M362K Midterm Solutions, Given February 7, 2002

Problem 1. Light Bulbs

Suppose the probability function describing the life (in hours) of an ordinary 60 Watt bulb is


Let A be the event that the bulb lasts 500 hours or more, and let B be the event that it lasts between 400 and 800 hours.

a) What is the probability of A?

A is the interval from 500 to infinity, so


(OOPS!  That should be e^(-1/2), not 1- e^(-1/2).  That's 5 points off for me.)

b) What is the probability of B?

B is the interval from 400 to 800, so


c) What is P(A|B)?

tex2html_wrap_inline64 is the interval from 500 to 800, so tex2html_wrap_inline66 , by a calculation almost identical to that above. Thus tex2html_wrap_inline68 .

Problem 2. Lawyers and Liars (20 points)

A fashionable club has 100 members, 30 of whom are lawyers. 25 of the members are liars, while 55 are neither lawyers nor liars.

a) How many of the lawyers are liars?

30 members are lawyers, so 70 are not.

25 members are liars, so 75 are not.

55 are neither lawyers nor liars, so there are 75-55=20 liars who aren't lawyers, and 70-55=15 lawyers who aren't liars.

That leaves 10 members who are both lawyers and liars. [You can also do this problem with a tex2html_wrap_inline74 table, or using the formula tex2html_wrap_inline76 .]

b) A liar is chosen at random. What is the probability that he is a lawyer?

There are 25 liars, of whom 10 are also lawyers, so the probability of a random liar being a lawyer is 10/25=40%.

Problem 3. Spring Break Sports

I haven't decided what to do over spring break. There is a 50% chance that I'll go skiing, a 30% chance that I'll go hiking, and a 20% chance that I'll stay home and play soccer. The (conditional) probability of my getting injured is 30% if I go skiing, 10% if I go hiking, and 20% if I play soccer.

a) What is the probability that I will get injured over spring break?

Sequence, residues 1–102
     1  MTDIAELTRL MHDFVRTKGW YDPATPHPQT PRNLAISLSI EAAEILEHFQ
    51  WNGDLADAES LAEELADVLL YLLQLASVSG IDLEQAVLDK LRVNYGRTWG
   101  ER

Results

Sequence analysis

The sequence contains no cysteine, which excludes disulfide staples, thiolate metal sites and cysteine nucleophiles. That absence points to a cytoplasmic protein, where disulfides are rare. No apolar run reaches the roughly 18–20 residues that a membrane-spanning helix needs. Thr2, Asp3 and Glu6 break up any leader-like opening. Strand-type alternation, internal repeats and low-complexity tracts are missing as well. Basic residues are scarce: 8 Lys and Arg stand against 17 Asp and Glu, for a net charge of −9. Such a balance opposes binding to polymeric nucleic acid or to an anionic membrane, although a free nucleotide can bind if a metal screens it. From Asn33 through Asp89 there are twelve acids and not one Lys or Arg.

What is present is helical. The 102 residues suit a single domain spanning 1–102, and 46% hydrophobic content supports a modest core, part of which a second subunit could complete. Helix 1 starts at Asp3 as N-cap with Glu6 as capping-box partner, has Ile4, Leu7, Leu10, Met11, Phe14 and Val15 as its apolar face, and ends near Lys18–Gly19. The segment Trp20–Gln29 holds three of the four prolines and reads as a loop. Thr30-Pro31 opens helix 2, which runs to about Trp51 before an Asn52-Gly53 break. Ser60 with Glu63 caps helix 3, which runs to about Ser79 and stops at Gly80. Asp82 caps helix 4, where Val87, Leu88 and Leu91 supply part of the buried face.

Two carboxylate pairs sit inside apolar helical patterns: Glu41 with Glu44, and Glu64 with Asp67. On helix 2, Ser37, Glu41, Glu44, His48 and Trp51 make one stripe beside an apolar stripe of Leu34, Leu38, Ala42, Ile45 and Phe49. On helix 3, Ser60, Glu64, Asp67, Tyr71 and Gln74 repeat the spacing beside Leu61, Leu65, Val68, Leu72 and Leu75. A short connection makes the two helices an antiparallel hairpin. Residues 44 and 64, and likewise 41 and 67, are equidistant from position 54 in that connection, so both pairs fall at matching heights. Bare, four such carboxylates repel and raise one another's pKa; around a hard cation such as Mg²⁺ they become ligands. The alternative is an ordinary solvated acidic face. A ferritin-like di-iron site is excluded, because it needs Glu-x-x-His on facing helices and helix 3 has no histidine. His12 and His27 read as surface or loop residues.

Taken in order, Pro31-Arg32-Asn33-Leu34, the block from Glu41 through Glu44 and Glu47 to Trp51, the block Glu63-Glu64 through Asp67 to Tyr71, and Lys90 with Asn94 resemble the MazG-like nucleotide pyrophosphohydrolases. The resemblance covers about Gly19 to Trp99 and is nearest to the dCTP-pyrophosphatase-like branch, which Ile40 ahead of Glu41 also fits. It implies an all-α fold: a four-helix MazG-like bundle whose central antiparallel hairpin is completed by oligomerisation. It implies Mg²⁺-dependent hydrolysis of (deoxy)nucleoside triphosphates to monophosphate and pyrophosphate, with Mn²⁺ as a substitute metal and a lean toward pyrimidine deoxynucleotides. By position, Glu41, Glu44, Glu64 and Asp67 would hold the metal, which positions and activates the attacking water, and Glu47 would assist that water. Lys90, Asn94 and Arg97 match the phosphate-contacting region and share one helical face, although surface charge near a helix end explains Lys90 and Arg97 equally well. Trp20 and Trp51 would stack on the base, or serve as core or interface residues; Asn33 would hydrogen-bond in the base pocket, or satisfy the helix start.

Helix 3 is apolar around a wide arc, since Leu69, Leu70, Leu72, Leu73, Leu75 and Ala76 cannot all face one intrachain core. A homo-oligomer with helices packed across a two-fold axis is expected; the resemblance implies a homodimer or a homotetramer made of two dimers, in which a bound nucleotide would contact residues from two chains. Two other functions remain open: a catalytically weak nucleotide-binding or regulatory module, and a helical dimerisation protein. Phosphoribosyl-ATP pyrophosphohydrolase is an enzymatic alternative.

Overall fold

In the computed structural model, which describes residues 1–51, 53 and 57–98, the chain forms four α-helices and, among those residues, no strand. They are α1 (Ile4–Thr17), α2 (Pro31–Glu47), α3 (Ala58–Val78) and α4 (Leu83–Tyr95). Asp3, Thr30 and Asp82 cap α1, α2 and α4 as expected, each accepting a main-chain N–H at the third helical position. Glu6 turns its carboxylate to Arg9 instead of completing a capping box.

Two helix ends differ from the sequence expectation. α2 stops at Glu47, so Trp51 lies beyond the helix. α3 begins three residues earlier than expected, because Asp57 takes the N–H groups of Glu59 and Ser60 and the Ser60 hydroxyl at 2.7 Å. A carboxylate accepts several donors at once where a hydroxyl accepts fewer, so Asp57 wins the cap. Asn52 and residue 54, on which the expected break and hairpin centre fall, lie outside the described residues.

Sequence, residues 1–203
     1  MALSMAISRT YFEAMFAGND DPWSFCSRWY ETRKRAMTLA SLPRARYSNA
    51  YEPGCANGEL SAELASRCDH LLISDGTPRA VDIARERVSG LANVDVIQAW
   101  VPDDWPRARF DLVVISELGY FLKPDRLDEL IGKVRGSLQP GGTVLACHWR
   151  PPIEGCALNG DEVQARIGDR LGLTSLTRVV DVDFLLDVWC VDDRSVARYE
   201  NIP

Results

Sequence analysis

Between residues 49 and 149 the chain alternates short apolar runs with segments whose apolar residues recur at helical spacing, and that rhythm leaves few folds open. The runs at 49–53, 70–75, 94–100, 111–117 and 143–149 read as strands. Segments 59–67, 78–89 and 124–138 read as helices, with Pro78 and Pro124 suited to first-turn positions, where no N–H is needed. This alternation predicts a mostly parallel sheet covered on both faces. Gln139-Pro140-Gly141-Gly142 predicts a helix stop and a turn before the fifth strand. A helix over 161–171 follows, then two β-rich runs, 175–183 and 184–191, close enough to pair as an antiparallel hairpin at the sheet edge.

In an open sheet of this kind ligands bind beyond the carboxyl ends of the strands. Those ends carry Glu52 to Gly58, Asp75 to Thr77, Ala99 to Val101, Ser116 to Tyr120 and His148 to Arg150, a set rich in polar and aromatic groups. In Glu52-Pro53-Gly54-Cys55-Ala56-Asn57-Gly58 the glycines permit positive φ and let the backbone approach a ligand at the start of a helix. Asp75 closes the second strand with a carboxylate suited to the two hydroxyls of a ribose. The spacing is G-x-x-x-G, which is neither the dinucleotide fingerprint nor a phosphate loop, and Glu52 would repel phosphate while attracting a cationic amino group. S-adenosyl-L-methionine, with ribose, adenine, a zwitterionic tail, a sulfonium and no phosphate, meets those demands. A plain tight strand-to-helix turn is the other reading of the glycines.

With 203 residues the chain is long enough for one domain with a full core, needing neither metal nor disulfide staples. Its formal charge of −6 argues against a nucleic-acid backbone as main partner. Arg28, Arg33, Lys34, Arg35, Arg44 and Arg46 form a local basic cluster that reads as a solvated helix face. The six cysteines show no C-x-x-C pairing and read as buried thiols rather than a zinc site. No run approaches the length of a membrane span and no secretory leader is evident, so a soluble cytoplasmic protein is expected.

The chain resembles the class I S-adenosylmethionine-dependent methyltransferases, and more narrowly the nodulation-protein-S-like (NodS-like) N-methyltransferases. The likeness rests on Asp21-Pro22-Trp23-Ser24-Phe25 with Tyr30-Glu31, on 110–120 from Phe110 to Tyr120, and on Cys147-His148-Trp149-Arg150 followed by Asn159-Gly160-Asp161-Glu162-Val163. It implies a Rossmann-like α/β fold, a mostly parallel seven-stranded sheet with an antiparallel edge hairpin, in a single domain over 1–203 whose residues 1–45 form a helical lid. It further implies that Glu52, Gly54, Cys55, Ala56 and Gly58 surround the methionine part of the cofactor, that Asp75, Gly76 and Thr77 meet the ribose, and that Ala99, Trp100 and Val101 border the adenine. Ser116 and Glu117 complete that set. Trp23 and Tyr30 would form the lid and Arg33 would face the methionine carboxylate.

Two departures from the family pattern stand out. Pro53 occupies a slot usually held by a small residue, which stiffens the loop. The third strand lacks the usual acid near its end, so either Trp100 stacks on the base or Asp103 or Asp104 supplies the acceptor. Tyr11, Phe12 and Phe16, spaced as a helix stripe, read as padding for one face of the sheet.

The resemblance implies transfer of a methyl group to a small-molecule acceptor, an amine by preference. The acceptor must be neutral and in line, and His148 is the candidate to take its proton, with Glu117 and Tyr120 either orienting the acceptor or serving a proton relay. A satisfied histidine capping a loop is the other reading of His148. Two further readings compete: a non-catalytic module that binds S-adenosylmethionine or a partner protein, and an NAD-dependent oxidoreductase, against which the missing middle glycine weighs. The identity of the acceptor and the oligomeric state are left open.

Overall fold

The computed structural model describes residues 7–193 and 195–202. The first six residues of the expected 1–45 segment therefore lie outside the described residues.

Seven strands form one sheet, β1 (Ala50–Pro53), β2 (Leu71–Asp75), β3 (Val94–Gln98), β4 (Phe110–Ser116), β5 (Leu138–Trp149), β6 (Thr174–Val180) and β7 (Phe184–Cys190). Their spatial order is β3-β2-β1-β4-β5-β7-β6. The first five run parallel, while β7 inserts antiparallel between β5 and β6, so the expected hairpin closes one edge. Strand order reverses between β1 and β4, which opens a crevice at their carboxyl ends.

Let tex2html_wrap_inline78 be that I go skiing, tex2html_wrap_inline80 that I go hiking, and tex2html_wrap_inline82 that I play soccer. Let B be the event that I get injured. We are told that tex2html_wrap_inline86tex2html_wrap_inline88tex2html_wrap_inline90tex2html_wrap_inline92tex2html_wrap_inline94tex2html_wrap_inline96 . We can then calculate:


b) If I come back from vacation with an injury, what is the probability that I got it skiing?


Problem 4. Flipping Coins (30 points)

Suppose you flip a nickel, a dime and a quarter. Each coin is fair, and the flips of the different coins are independent.

Let A be the event ``the total value of the coins that came up heads is at least 15 cents''. Let B be the event ``the quarter came up heads''. Let C be the event ``the total value of the coins that came up heads is divisible by 10 cents''.

a) Write down the sample space, and list the events A, B, and C. Your answer should be of the form `` tex2html_wrap_inline108 (list of elements) tex2html_wrap_inline110tex2html_wrap_inline112 (shorter list of elements) tex2html_wrap_inline114 ''.

We'll order the coins nickel-dime-quarter, so ``HTT'' will mean that the nickel was heads and the dime and quarter were tails.

tex2html_wrap_inline116 . (Each of these 8 points has probability 1/8).




b) Find P(A), P(B) and P(C).

Just count how many points are in each set to get P(A) = 5/8, P(B) = 1/2, P(C) = 1/2.

c) Compute P(B|A).

tex2html_wrap_inline138 , so P(B|A) = P(B)/P(A) = 4/5.

d) Are B and C independent? Explain.

tex2html_wrap_inline142 , so tex2html_wrap_inline144 . That is equal to P(B)P(C), so B and C are independent.